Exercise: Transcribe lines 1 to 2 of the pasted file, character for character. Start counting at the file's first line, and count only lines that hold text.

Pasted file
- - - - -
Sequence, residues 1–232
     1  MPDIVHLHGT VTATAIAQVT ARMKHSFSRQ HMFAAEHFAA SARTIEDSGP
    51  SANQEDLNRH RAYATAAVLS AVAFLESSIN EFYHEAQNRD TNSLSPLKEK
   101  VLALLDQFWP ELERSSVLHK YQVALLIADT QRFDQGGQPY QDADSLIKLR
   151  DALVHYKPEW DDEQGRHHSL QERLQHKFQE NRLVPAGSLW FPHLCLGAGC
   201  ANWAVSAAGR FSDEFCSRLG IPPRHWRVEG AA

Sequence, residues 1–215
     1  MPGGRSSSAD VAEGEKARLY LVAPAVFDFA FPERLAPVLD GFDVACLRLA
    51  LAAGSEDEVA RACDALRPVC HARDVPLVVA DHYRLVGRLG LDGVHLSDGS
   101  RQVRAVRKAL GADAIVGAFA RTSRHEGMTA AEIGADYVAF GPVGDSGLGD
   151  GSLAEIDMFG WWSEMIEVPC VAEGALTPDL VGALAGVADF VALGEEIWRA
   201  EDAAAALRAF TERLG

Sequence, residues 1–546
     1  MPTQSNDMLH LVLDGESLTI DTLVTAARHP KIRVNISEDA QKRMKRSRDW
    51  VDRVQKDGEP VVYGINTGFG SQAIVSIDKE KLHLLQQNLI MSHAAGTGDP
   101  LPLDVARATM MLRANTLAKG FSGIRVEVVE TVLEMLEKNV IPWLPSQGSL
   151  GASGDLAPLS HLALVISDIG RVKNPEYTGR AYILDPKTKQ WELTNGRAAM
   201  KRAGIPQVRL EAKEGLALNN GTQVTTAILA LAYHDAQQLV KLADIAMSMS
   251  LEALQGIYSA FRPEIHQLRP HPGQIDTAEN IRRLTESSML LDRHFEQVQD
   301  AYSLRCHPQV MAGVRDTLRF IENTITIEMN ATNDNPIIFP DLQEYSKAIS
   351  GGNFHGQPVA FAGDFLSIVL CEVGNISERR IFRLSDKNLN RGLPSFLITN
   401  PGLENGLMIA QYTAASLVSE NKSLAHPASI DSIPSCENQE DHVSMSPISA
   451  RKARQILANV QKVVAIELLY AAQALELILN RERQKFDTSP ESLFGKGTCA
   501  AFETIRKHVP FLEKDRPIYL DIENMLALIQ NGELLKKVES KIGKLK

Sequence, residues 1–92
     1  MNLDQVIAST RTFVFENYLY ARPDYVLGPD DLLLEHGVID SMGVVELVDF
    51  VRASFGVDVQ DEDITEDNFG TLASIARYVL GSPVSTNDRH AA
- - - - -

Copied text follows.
Sequence, residues 1–232
     1  MPDIVHLHGT VTATAIAQVT ARMKHSFSRQ HMFAAEHFAA SARTIEDSGP